sible to prove could be called as a witness ; and it seems that even the conviction of the principal's the principal would not be admissible to prove the guilt of the prin- guilt against cipal . The prisoner was indicted for receiving sixty sovereigns,
the accessory. which had been stolen by Sarah Rich. A confession by S. Rich, made before a magistrate in the presence of the prisoner, in which she stated various facts implicating the prisoner, was tendered in evidence. Mr. J. Patteson refused to receive anything that was said by S. Rich respecting the prisoner, but admitted what she said respecting herself only. S. Rich had been found guilty on another indictment, but had not been sentenced, and might have been called as a witness. Upon a case reserved, the judges (except Lord Lyndhurst, C. B., and Taunton, J.) (j) were unanimously of opinion that Rich's confession was no evidence against the prisoner; and many Quære whether of them appeared to think that had Rich been convicted, and the the conviction indictment against the prisoner stated not her conviction, but her of the principal
be evidence guilt, the conviction would not have been any evidence of her guilt, against the which must have been proved by other means. (k) And upon the accessory ? authority of this case, where an accessory before the fact to a murder was tried after the principal had been convicted and executed, Parke B., ordered the proceedings to be conducted in the same manner as if the principal was then on his trial, and the evidence against the accessory was not gone into until the case against the principal was concluded. (1) Where two persons were indicted together, one for stealing and the other for receiving, and the principal pleaded guilty, Wood, B., refused to allow the plea of guilty to establish the fact of the stealing by the principal as against the receiver. (m)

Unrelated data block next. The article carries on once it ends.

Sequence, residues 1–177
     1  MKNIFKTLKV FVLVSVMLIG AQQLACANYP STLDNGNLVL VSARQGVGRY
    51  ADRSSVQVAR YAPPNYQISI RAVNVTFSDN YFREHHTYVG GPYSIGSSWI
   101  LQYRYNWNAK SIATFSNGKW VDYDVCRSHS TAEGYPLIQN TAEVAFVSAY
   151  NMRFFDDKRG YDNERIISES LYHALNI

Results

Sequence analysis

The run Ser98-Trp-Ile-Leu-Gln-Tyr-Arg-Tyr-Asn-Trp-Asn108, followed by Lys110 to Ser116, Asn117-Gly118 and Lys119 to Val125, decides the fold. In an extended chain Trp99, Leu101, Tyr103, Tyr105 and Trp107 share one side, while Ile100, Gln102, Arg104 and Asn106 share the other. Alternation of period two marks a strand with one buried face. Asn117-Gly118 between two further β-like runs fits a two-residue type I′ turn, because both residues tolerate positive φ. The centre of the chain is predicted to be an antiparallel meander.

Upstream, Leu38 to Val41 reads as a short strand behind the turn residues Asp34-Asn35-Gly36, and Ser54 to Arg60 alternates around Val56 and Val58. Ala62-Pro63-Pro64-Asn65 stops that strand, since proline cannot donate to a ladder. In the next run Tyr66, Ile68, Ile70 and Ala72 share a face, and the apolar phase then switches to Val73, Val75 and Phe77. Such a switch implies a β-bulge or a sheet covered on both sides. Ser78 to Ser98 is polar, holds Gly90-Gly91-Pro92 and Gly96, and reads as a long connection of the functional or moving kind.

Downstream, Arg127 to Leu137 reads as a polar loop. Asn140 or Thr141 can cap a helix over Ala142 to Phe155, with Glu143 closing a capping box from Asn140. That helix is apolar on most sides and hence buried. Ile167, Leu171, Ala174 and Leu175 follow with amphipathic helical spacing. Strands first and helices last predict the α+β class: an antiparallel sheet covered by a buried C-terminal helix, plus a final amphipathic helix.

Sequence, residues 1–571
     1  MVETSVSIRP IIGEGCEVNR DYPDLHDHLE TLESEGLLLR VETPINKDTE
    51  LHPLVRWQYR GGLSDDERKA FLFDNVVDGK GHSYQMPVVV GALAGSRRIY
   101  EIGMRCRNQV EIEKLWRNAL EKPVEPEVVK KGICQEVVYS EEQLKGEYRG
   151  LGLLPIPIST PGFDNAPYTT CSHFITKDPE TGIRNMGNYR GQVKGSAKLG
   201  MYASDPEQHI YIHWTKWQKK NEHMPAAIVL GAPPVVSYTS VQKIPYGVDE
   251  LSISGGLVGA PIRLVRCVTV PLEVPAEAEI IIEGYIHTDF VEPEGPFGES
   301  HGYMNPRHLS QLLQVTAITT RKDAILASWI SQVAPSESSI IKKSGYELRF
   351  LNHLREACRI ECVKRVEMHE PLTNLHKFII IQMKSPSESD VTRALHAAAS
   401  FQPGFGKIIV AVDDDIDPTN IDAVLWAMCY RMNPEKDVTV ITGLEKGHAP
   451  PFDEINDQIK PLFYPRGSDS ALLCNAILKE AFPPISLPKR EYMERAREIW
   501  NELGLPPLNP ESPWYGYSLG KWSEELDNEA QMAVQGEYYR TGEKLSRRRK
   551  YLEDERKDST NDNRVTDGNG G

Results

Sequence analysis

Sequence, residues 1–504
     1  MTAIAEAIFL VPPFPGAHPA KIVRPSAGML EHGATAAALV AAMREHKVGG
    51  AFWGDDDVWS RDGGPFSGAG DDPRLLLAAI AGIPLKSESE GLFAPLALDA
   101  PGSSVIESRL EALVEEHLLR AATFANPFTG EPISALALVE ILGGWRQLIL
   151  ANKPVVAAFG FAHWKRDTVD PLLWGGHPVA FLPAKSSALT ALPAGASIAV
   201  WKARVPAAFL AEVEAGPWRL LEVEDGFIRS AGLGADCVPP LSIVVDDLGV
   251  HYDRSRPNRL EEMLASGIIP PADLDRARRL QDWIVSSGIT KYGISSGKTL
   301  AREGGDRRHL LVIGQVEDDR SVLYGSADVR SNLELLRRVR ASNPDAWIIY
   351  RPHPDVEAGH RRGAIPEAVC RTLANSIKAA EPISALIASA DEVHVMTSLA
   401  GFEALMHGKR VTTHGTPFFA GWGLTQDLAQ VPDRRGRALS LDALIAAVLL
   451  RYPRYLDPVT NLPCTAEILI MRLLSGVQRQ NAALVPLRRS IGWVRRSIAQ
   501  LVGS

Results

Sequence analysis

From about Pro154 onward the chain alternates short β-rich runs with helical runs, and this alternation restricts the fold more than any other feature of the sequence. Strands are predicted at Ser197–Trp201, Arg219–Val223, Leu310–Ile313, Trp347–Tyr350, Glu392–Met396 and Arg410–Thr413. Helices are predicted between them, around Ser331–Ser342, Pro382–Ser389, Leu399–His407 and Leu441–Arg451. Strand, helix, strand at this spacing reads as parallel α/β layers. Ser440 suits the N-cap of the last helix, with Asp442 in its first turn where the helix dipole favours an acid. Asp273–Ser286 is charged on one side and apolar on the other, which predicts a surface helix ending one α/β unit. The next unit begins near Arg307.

6) Who were absent. (4) Rex o. Turner, R. & M. C. C. R. 347. I Lewin, 119.
(1) Ratcliffe's case, 1 Lewin, 121.
1 (m) Anonymous, cited in Rex v. Turner, supra.
CHAPTER THE THIRD.
OF INDICTABLE OFFENCES.
OFFENCES which may be made the subject of indictment, and are below the crime of treason, may be divided into two classes, felonies and misdemeanors.